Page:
This is not to suggest that evidence theory per se supplies the answer; these weaknesses are also shared by the theory of evidence presupposed by Klar’s criticisms, which offer a probabilistic account privileging statistical information for assessing the reliability of evidence.[50] As I will show in my primary inquiry in this paper, probabilistic theory denies subtle characteristics of both evidence and legal fact-finding, and its statistical expression is of dubious reliability on its own terms. This will lead me to conclude by considering an emerging body of work within evidence theory (drawing particularly but not exclusively from the work of Ronald J. Allen) that emphasizes the legal fact-finding process as entailing the assessment and continuing reassessment of competing versions of events. That process, put succinctly, is seen as resting upon the fact-finder’s “inference to the best explanation.” My claim will be that, allowing for certain important corrections, such an understanding offers tort lawyers a generally promising normative justification for inference causation by accounting for both the epistemology of legal fact-finding and the adjudicative context in which it takes place.

II. Veritism

I turn, then, to the first criticism of inference causation—that it does not conform to the law’s veritistic objectives. Inference causation, the argument goes, is a rhetorical proxy for lowering the standard of proof in cases where there are gaps in the evidence marshalled by the plaintiff.[51] As such, it is an instance of a more general “policyization”[52] of cause-in-fact, affording by way of the vacuous incantations of “robustness” and “common sense” a crutch for fact-finders who cannot point to affirmative evidence explaining why a plaintiff ought to recover.[53] In short, it has little to do with truth and more to do with the fact-finder’s own preferences. This concern draws strength from the language that Justice Sopinka used in Snell, which demonstrated tepid commitment to veritism at best, insofar as he speculated that the causal “inference” could be drawn with “very little affirmative evidence on the part of the plaintiff.”[54] As I have already noted, his references to “robust[ness]” and “common sense”[55] amplify the sense that the truth of the matter, relative to the particular outcome that a fact-finder might desire, is unimportant.

Such minimization of veritism is troubling, as truth-seeking is an elemental aspiration of our legal order. Accurate fact-finding is essential, particularly if we understand the rule of law as a substantive limitation on the state’s ability to manipulate facts to its own ends, even where that manipulation is for the ostensibly benevolent purpose of compensating injured plaintiffs.[56] Within the framework of a tort action, then, the law insists on linking a finding of actual wrongdoing by the defendant to the plaintiff’s suffering. This linkage “supplies the particular feature about the defendant that singles him out from the generality of those available for the shifting of the plaintiff’s loss.”[57] A serious account of inference causation must therefore distinguish its underlying epistemic processes from emotivism or any similarly non-cognitive, meta-ethical point of view such as the popular concept of “truthiness”,[58] or the “benevolent principle” that Lord Nourse discerned in Fitzgerald v. Lane—a concept that “smiles on ... factual uncertainties and melts them all away.”[59] In such a mindset, where “all evaluative judgments ... are nothing but expressions of preference, expressions of attitude or feeling,”[60] there is no difference between stating that the defendant acted wrongly by causing the plaintiff’s injury and claiming that I like the plaintiff more than I like the defendant.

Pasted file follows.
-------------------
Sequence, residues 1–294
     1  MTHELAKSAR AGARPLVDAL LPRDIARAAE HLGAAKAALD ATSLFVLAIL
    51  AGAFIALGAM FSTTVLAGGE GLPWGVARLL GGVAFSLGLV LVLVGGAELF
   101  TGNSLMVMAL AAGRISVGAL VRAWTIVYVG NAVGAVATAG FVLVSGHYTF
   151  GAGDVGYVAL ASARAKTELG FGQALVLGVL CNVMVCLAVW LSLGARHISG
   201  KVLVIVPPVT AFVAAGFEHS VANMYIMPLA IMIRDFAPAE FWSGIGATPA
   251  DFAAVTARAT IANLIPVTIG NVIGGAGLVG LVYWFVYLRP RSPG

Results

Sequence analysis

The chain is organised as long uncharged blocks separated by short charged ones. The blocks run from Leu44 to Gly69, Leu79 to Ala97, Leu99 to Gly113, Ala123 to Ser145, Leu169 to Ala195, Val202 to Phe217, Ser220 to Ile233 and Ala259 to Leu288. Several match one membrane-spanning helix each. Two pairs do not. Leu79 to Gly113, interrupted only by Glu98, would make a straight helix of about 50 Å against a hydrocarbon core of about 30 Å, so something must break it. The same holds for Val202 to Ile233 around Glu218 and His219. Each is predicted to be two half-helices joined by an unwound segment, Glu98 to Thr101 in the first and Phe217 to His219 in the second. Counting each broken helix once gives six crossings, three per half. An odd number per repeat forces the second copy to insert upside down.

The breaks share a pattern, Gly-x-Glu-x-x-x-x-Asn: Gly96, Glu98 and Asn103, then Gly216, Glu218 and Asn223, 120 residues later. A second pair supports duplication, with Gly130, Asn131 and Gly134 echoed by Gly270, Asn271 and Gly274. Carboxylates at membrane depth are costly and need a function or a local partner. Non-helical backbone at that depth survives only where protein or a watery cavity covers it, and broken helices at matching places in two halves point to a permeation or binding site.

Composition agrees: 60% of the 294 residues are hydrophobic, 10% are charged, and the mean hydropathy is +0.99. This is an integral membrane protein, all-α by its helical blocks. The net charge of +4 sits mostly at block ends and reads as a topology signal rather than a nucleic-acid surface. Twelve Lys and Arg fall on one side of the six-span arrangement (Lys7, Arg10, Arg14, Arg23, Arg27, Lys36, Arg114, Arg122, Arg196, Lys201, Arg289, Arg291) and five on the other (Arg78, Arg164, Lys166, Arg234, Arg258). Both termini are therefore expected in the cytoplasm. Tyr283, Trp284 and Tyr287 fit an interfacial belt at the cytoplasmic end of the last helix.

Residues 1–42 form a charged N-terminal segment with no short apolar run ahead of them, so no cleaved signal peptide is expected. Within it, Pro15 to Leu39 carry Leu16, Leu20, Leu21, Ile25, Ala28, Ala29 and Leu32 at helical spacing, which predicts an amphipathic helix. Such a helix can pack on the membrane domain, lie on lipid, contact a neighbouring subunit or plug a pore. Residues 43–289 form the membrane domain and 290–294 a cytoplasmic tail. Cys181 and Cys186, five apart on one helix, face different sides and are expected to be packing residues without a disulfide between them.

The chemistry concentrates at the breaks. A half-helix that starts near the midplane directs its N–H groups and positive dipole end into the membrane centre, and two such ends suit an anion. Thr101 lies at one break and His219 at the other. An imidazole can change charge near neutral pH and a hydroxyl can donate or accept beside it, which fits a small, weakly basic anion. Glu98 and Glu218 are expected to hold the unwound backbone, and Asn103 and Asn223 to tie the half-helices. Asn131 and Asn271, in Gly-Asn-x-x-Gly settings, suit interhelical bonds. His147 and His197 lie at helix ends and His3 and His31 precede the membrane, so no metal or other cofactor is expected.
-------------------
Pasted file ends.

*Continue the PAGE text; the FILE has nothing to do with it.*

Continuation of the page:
The question of how we link together two persons and two moments in time—the defendant and the moment of his or her negligence, and the plaintiff and the moment of his or her suffering—must therefore be answered in a manner that reconciles the inferential leap with the law’s veritistic aims. Inference causation cannot be a matter of merely cobbling together narratives taken out of thin air with a view to expressing what a fact-finder feels; rather, it must presuppose an adjudicative procedure that is veritistic. I will later seek to do so with reference to what Alvin Goldman conceived of as the epistemological principle of “total evidence”, being that a fact-finder must “fix his beliefs or subjective probabilities in accordance with the total evidence in his possession at the time.”[61] I shall assume that Goldman’s direction is uncontroversial because its reference point of “evidence” affirms a veritistic imperative. There is a difference between being involuntarily disposed to feel that the defendant’s negligence has caused the plaintiff’s suffering, and voluntarily accepting based upon the evidence that it has.[62] By being tied to an evidentiary reference point, inference causation can be distinguished from the fudging that is said to permit legal fact-finders to find in favour of sympathy-inducing plaintiffs because it feels right.[63]

While Goldman’s “total evidence” presupposes veritism, it also presupposes that a fact-finder’s belief will be decided by reference only to such evidence “in his possession at the time.”[64] The fact-finder’s truth-seeking obligation, then, is unavoidably conditioned upon and discharged in a state of incomplete evidence. What evidence is before the fact-finder may and often will lead not to some absolute truth, but rather to an approximation of events. Lord Wilberforce remarked in Air Canada v. Secretary of State for Trade[65] that adjudication often entails imperfect or even withheld evidence, and legal fact-finding therefore occurs without knowledge of the whole truth. “[Y]et,” he continued, “if the decision has been in accordance with the available evidence and with the law, justice will have been fairly done.”[66]